The fact Judge Feinerman made such representation does not demonstrate any reason to exempt plaintiff from the operation of the provisions of CCP § 583, subdivision (b).   The judge did, and could do, nothing more than make a correct statement of the law.   That law is embodied in CCP § 1141.17 and California Rules of Court, rule 1616(b).  CCP § 1141.17 in pertinent part provides in cases such as at bench that submission to arbitration pursuant to court order “․ shall toll the running of such period until the filing of an arbitration award.”   California Rules of Court, rule 1616(b) simply provides that where trial de novo is demanded the case” ․ shall be restored to the civil active list for prompt disposition, in the same position on the list it would have had if there had been no arbitration in the case․”  The problem is that this statute and this rule are not self-executing.   Someone has to do something.   Plaintiff's position is that the someone is the clerk or the court and the something is to set the case for trial immediately or on a date before the five-year period and that plaintiff and her lawyer need not do anything.   This is unacceptable and we expressly reject such “no-duty-upon-me-to-help” attitude on the part of counsel.

 Established law requires one in plaintiff's position to do all that is reasonable to help bring her case to trial.   The record before the trial court upon the motion to dismiss presented no evidence of plaintiff's counsel doing, or even trying to do, what established law requires.   There was no showing of plaintiff qualifying under an exception to mandatory dismissal of her case.   “In applying any of these exceptions to a given factual situation, the critical question is whether a plaintiff used reasonable diligence in prosecuting his or her case.   The particular factual context or cause of the noncompliance should not be determinative, rather the primary concern must be the nature of the plaintiff's conduct.”  (Hocharian v. Superior Court, supra, 28 Cal.3d 714, 722, 170 Cal.Rptr. 790, 621 P.2d 829;  emphasis added.)

Examination of plaintiff's conduct at bench through her lawyer's action or inaction fails to establish or demonstrate any good reason why she failed to bring the action to trial before the expiration of the five-year period, even allowing exclusion of the arbitration period and a reasonable time thereafter.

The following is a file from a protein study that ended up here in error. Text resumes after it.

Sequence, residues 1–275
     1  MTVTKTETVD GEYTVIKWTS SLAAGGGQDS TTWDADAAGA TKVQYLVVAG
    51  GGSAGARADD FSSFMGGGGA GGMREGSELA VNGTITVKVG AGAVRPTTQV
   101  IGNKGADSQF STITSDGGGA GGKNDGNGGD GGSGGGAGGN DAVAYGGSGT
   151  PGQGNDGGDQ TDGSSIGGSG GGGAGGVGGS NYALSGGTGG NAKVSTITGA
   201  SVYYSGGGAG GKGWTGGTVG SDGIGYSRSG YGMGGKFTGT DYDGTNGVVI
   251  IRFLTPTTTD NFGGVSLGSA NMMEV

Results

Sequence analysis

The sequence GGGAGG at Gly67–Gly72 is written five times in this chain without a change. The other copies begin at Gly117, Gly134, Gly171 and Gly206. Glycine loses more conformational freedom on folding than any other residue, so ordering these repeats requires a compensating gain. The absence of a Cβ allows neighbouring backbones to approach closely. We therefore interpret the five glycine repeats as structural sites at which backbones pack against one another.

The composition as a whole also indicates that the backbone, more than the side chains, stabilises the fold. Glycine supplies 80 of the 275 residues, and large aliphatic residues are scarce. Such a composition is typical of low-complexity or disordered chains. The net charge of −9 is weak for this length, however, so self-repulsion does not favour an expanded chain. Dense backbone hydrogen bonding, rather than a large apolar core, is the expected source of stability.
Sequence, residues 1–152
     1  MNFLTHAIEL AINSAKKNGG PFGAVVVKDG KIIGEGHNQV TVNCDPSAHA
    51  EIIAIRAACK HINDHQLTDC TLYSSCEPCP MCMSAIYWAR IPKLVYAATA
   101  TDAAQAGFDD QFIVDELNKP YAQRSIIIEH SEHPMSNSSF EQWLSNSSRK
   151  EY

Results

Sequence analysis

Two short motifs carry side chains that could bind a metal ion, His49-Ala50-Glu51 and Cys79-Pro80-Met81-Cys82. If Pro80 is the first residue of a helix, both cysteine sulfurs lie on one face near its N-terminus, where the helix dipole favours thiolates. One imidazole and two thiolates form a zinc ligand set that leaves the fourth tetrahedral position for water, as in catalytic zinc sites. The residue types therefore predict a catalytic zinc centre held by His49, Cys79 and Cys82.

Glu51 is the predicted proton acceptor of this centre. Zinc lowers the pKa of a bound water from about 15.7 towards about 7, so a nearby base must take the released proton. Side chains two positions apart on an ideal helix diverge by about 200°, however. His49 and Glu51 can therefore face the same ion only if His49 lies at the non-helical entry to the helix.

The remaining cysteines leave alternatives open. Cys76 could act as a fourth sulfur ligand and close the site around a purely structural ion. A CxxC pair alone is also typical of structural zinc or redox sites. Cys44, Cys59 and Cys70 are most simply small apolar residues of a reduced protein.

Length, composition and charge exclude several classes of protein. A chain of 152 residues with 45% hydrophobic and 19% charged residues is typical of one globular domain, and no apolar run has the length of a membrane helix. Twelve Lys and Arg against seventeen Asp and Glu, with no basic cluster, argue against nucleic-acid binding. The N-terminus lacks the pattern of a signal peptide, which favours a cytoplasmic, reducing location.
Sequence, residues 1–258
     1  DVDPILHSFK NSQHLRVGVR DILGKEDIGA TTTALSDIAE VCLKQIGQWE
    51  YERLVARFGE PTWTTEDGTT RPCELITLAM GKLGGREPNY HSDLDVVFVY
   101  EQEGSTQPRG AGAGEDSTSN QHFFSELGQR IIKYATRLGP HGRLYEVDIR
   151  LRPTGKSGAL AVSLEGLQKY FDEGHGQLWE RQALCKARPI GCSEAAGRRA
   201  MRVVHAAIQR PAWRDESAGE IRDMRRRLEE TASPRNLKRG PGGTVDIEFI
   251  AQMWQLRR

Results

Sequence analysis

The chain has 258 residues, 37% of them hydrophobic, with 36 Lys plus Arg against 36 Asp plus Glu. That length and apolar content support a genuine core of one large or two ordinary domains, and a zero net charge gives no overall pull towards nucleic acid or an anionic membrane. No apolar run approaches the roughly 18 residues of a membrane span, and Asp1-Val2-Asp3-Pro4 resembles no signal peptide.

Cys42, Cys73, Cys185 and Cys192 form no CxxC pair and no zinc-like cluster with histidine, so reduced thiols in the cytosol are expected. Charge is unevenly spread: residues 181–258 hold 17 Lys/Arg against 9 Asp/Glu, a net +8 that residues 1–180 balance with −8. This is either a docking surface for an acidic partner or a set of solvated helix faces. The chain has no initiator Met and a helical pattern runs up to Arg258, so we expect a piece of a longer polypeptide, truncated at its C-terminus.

The “official-duty-will-be-done” claim and reliance thereon is unavailing.   The declaration of attorney Slezak emphasizes that he informed the clerks that he assumed they would set the matter back on the calendar and that he assumed that official duty would be done.   In this court too plaintiff's lawyers rely primarily on that same assumption as a defense against dismissal.   Such defense is ineffective.   Where a party awaiting a trial de novo has been confronted with a time limitation, the assumption that official duty will be done to get the matter on calendar has been expressly rejected as a defense such as relied upon by plaintiff here.  (County of Alameda v. Superior Court (1960) 187 Cal.App.2d 502, 10 Cal.Rptr. 84;  Sanford v. Superior Court (1952) 111 Cal.App.2d 311, 244 P.2d 463;  see also Lewis v. Greenspun (1958) 160 Cal.App.2d 711, 325 P.2d 551;  Swartzman v. Superior Court (1964) 231 Cal.App.2d 195, 41 Cal.Rptr. 721.)

At bench the evidence before the trial court consisted solely of the two declarations of plaintiff's counsel in addition to the file itself.   Those declarations demonstrated that plaintiff's lawyer telephoned and talked to the clerks.   But there is no direct or inferential evidence of a demand for and a receipt of a specific trial date before the 41 days remaining had expired.   Nor is there shown directly or inferentially any promise or any representation from any clerk that a special date would be obtained or that anyone said that plaintiff's lawyer need not do anything further.   No evidence before the trial court demonstrated that it was impossible, impracticable or futile or in any way beyond plaintiff's control to get the matter to trial or to try and do all reasonably possible to set the case for trial before August 12.   To the contrary, other than the three telephone calls, which were of ambiguous consequence, plaintiff's lawyer did nothing for almost five months after the award was filed.   Even allowing for the fact that counsel would not know of the need to set the case for trial until the request for trial de novo was made, still nothing else was done by plaintiff's counsel for nearly four months.   While the findings and decisions of a trial court based on evidence before it are entitled to great weight and respect, at bench the trial court gave no reason nor stated what the specific facts or circumstances were that made it “impracticable” or impossible for plaintiff to proceed to trial or prosecute her case to that end at least within the five months.